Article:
Thursday, August 13, 2009

John Fredrick Kensett

John Fredrick Kensett-1816-1872 was one of the second generation of the Hudson river school painters.

Images this page from the artchive found at;

John Kensett another former engraver was a friend of Asher Durand with whom he traveled Europe. He was an aficionado of Dutch painting. Kensett was one of the generation of Hudson River school painters. This generation developed the tight, highly detailed technique that was often highly concerned with the effects of light. Often they sought to convey a spiritualist, or transcendentalist message. Their painting was far more naturalistic than that of Thomas Cole or Asher Durand. Beginnig with Kensett and particularly in his later work, luminism reached its full development.

The painting of Lake George above, shows the new luminist sensibilities. The calm surface of the water, the attention to the atmospheric effect and the spiritualistic stillness of the painting give it a quivering hypereality accentuated by its nearly invisible brushwork.

The painting above was painted in North Conway, New Hampshire. I know this location. It looks up the Intervale valley to Mt. Washington. George Smillie engraved a copy of painting and it was widely distributed making Kensett a famous painter, and filling this valley for a decade afterwards with most of the important landscape painters in America.

As popular as this luminist style of painting was, in another generation the Barbizon style, tonalism, impressionism and then modernism eclipsed it and luminism fell totally out of favor. On one occasion in 1916 a fine Kensett brought six dollars at auction.


Jo-Ann Sanborn said...

The Lake George painting is lovely. I'm sure you are probably aware there are some terrific luminist paintings by Fitz Henry Lane at the Gloucester Historical Society. I think they might have a Martin Johnson Heade or two as well. Worth a visit!

jeff said...

I love Kinsett's work thanks for posting these.

I was watching the Antiques Road show a few weeks ago and this chap brought in two small gems by Kinsett that he purchased at a yard sale. I kid you not, he paid $35 for the pair.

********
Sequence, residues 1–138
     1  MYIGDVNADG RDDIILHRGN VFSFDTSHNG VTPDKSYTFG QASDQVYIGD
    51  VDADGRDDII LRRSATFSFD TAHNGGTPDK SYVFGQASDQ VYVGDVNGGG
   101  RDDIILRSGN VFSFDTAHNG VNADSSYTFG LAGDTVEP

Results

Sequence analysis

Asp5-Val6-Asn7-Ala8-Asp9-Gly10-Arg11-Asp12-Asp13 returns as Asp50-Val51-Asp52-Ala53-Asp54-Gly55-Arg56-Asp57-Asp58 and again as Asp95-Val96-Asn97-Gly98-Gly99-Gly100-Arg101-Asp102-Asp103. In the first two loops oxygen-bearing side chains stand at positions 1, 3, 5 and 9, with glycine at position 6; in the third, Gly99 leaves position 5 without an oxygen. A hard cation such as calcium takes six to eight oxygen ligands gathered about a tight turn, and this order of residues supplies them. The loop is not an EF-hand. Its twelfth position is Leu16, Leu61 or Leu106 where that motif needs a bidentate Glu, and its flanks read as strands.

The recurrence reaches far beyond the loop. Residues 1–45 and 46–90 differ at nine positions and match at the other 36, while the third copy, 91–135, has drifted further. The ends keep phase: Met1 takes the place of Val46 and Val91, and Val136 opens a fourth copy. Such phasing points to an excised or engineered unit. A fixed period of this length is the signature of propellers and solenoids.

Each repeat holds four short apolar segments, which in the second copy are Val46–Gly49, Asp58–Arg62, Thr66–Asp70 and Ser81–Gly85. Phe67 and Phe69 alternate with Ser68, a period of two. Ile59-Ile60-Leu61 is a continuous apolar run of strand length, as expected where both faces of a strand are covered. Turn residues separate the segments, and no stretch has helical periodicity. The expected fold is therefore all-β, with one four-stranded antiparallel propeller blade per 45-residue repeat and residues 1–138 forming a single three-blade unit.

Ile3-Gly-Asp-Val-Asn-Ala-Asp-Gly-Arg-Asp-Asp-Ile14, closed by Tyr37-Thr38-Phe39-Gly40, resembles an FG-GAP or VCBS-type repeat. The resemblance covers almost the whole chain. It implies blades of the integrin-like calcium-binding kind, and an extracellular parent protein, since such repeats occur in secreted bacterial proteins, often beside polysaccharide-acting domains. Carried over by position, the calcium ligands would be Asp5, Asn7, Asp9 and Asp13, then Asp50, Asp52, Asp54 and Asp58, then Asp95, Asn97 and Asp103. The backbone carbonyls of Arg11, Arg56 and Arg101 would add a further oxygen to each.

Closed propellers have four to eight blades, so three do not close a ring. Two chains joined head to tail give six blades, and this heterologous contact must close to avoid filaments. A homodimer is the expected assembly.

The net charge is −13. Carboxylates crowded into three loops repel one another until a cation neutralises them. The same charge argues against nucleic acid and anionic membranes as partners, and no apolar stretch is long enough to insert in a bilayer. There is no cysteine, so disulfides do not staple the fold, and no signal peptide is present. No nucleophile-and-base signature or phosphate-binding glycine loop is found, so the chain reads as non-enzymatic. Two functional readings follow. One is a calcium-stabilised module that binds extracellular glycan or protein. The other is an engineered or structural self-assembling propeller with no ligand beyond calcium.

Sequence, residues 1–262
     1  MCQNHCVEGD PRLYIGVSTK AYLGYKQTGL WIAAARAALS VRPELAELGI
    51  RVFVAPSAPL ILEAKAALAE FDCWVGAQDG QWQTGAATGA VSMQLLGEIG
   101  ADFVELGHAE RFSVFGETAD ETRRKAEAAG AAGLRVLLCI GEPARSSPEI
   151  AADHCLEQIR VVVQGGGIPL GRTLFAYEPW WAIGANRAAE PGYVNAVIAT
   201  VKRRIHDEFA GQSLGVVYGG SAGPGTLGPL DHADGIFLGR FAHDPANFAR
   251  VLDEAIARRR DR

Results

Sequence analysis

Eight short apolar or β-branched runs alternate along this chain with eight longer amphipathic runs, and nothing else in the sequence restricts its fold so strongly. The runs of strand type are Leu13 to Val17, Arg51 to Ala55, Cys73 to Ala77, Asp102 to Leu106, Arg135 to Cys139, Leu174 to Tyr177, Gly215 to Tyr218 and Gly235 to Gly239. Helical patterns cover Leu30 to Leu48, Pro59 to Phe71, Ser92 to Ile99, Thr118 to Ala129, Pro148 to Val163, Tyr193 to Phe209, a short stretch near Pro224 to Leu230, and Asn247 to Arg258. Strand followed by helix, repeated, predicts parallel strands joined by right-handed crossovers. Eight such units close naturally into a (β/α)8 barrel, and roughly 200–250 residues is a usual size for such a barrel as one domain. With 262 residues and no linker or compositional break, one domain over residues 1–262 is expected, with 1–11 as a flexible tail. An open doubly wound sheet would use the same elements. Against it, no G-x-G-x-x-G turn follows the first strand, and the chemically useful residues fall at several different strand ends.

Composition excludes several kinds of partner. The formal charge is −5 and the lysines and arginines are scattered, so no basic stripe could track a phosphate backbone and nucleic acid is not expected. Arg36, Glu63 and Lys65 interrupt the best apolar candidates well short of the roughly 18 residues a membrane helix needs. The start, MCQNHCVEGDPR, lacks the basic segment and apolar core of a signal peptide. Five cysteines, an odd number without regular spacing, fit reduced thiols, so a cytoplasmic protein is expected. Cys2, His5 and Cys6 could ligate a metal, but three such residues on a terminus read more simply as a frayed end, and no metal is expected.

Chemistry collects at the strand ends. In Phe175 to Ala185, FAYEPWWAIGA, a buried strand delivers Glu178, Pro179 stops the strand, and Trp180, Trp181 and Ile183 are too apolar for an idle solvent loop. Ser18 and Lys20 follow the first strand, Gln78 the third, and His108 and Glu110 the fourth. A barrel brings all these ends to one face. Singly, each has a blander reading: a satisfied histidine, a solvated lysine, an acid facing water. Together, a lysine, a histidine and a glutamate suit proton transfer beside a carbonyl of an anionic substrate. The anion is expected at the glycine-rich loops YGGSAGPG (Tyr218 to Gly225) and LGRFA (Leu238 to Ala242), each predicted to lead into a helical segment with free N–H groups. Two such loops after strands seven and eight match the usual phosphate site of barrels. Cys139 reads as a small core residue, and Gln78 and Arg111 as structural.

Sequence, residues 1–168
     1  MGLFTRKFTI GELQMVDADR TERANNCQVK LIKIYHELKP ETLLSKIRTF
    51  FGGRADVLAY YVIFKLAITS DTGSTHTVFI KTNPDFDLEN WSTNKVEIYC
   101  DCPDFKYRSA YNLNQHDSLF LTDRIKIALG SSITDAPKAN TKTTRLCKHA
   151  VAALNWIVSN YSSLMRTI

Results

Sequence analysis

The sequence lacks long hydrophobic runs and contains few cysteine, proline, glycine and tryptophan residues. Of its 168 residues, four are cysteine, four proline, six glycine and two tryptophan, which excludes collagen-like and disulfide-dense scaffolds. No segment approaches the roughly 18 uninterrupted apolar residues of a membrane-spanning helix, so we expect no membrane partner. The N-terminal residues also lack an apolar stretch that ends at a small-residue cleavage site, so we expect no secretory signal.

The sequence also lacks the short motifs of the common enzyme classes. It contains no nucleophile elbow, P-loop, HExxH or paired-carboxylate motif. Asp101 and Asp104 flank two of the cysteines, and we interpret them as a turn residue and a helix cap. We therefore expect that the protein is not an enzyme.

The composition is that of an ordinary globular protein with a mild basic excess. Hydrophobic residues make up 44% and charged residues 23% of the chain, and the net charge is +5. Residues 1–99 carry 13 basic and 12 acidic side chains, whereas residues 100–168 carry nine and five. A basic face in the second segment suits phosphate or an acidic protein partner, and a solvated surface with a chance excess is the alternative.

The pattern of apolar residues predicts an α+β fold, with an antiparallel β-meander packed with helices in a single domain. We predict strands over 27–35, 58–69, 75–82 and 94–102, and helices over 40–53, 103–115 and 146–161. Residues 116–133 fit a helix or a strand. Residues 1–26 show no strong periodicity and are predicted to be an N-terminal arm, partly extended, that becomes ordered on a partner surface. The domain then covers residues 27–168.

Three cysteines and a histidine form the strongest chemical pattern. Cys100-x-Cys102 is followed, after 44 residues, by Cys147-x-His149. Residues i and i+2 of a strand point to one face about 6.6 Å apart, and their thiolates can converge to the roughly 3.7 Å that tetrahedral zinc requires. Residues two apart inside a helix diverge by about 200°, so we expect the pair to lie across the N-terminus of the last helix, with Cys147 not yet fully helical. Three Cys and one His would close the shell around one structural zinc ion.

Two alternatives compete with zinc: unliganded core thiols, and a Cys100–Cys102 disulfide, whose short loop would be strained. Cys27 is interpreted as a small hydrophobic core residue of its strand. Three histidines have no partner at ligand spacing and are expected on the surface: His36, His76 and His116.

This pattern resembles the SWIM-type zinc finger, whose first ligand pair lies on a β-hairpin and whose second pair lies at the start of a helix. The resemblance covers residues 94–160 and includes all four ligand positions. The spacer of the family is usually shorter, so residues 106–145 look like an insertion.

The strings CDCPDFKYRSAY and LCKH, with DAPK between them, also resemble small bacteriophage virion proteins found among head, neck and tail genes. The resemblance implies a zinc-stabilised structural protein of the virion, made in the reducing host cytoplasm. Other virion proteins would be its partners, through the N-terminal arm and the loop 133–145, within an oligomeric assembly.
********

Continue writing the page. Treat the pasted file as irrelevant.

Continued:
They were appraised at 30 to 50k each.

Philip Koch said...

Kensett could sometimes be just amazing at combining delicate surface textures, palpable atmosphere and, especially late in his career, some remarkable asymmetrical designs. He is a quiet sort of painter, and for that I think sometimes gets overlooked. When I was in grad school he was a real guiding light for me. Thanks for your post Stapleton.
The story about the Kensett selling for almost nothing in that auction makes one wince.

jeff said...

I have a better one.
When I was going to the ASL in New York years ago one of my fellow classmates was walking in the upper east side near the Met. He spotted the corner of what looked like old linen sticking out of a dumpster.

Upon investigating it he found it was indeed a very old painting that had been thrown out. He carefully removed it from the dumpster. He then took it home and dusted it off and noticed that the painting looked like a Pre Raphaelite painting or at least something done in the 19th century. He took it Sotheby's and his hunch was correct.

It went on auction for something in the 30k range. This was in the late 80's so 30k now would be about 60 I think.

Stapleton Kearns said...

Gloucester has so much art. There used to be(and still may be) a Fitz who? Lane behind the card catalog in the Public library.
His house still stands on the waterfront, the only thing not improved out of existence in the urban renewal efforts of the 1960's

Stapleton Kearns said...

I have heard a few of those stories. Still its best not tm wait for a masterpiece in a dumpster and buy art now!

Stapleton Kearns said...


Its amazing how the price of a piece of art can get so divorced from its appearance. Scary.

Stapleton Kearns said...

There is also a story of an A.T. Bricher being found at the dump in Beverly Mass.